How To Stop A Horse From Rearing While RidingBy Jeffrey Rolo
In Part One of this series we covered some of the essentials to keep in mind when attempting to stop a horse from rearing while riding. This continuation will further cover horse riding techniques that can discourage rearing.
Next on our list of critical steps is trying to trace a pattern. Does your horse rear in a particular spot? Does your horse rear for all riders, or just specific people? Does your horse rear right from the start and randomly throughout a riding session, or can the rearing almost be predicted based on history? The reason you want to search for a pattern is because a pattern will point you towards a direct cause.
For example, if your horse rears only in the left corner of your riding arena, it's likely due to apprehension. He fears something in that region, whether it be a cow in the semi-distant pasture or a hose lying in the grass. If fear is the cause, address the root of the fear; don't focus on the rearing since it's only a reaction. Once you eliminate the fear, you eliminate the poor behavior.
Another common example with some younger or more independent-minded horses is riding duration. If you notice your horse starts rearing 40 minutes into the ride, you might simply be working him too hard. Analyze your requests and try to determine if you're asking too much, or if your horse is simply being lazy and not respecting your authority.
Once you have determined that your horse isn't rearing due to a perceivable cause, it might be safe to assume he's being defiant. In such cases I prefer to take the saddle off and go back to basics through disciplined round pen work, and I wouldn't stop until the horse's defiance was burned away. When a horse views you as a respected alpha leader, he's not likely to challenge you by rearing while under saddle.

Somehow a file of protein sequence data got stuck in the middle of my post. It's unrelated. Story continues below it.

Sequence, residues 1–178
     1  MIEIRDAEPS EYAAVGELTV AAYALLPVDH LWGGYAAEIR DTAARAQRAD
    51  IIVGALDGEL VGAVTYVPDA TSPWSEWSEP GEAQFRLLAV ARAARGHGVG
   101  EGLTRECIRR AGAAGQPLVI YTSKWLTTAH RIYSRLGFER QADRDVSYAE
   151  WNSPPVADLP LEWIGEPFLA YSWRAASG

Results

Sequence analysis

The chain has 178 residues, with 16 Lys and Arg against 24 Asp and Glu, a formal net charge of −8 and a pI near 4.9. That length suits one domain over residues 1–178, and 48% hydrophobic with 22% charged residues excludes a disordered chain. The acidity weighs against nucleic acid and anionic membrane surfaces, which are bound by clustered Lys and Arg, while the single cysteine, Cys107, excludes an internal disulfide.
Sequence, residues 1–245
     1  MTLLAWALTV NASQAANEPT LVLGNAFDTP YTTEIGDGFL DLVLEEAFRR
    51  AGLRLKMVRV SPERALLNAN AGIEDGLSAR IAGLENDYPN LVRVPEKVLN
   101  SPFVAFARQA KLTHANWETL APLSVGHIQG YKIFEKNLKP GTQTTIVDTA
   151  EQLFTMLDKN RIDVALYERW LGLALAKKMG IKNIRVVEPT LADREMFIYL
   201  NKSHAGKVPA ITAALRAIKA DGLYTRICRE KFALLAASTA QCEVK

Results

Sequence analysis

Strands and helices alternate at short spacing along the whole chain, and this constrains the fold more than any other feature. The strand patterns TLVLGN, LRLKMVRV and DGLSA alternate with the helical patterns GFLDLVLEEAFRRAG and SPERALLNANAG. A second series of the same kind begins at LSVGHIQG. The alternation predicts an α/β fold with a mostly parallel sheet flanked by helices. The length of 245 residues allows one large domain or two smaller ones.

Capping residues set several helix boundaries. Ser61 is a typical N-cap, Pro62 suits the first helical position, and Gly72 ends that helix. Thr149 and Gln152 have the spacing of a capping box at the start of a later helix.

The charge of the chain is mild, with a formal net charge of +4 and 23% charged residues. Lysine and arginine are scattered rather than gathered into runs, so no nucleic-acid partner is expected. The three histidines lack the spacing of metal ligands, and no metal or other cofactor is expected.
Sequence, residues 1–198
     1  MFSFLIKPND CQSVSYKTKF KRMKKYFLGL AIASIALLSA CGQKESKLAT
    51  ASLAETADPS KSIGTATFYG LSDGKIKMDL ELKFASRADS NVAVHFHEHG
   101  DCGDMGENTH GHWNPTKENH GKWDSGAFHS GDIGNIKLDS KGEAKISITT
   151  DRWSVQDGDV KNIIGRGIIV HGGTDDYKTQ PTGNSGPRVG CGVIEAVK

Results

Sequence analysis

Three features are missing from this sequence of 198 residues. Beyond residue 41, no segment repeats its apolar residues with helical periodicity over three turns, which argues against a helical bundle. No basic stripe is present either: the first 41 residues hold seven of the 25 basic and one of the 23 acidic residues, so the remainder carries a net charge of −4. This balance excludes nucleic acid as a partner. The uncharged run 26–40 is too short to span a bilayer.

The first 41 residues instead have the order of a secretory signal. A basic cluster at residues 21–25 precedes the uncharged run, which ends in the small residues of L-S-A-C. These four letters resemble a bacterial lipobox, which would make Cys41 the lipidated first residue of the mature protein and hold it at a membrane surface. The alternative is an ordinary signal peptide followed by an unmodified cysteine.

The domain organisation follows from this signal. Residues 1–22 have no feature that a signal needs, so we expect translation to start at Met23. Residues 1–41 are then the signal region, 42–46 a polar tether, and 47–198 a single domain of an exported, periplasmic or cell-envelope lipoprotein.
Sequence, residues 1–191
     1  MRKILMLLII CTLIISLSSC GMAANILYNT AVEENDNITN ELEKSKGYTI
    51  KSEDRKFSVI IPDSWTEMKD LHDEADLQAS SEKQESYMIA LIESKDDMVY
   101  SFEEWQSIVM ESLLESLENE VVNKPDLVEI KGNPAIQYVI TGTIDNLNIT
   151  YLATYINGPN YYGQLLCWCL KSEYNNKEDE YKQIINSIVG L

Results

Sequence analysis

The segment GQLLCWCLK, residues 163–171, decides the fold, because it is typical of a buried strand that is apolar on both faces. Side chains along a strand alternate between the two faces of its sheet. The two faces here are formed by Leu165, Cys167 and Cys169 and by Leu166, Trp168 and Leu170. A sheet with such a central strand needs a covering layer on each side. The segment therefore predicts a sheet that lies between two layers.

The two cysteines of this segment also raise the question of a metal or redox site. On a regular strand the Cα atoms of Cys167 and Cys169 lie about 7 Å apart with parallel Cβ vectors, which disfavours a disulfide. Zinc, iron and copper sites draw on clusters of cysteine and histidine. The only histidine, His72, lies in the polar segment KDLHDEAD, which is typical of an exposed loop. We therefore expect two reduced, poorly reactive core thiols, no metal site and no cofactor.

But we'll assume you really don't want to do groundwork, or that you aren't in an area that allows you to dismount and transition to ground work. The secret weapon against a rearing horse is balance – not only yours, but his. It actually takes a good deal of effort for a horse to rear, so you can and should use this as a weapon against him.
First, when a horse rears it will raise its head, so one of the things you'll want to do is try to keep his head collected and possibly even tucked (depending on the breed and gait) at all times. I don't advocate doing this via harsh bits and brute force, because sometimes rearing is akin to us flinching – it's involuntary. As such, a horse that "flinches" out of shock or fear won't think about the bit in its mouth, and it may very well end up rearing despite the bit, but causing serious wounds to his mouth in the process.
So harsh bits as a preventative measure against rearing horses is a no-no. Continue using a gentle riding bit, try your best to keep the head collected, but accept the fact that he may ignore your rein cues when "caught in the moment." As a side note, if your horse doesn't quickly and easily collect its head instantly upon request, don't bother riding him until he does. He should know how to collect before you address his rearing problem.
The next weapon, and a far more effective one than depending on the head, is his rear quarters. In order to rear a horse must be either at a complete stop or be barely moving forward. If he's walking briskly, trotting or cantering he cannot rear. With this in mind, if you detect your horse slowing down prompt him to move forward. If you need the aid of spurs to push him forward consider using them (but only if necessary) – the key is that if you move him forward he won't be able to rear.
To some degree this will take a certain level of riding proficiency. You have to be able to "feel" the horse's body language and a degree of lightness in his front hooves when he's thinking of rearing. You need to anticipate what your horse's next move will be so that you can counter it before he can execute it.
Finally, keep your horse's mind equally engaged, because boredom is one of the common causes for rearing within a riding arena. Try mixing up the riding session a bit. Vary the gaits. Vary the directions. Perhaps give him some obstacles to work with. If you feel his mind drifting, give him an order to snap his attention back to you. A happy horse that's focused on you while riding is far less likely to rear.
Now that we've learned how to stop a horse from rearing while riding we're ready to move on to groundwork, which is what I believe novices and pros alike should focus on when their horse rears consistently due to defiance. This is covered in How To Stop A Horse From Rearing: Groundwork.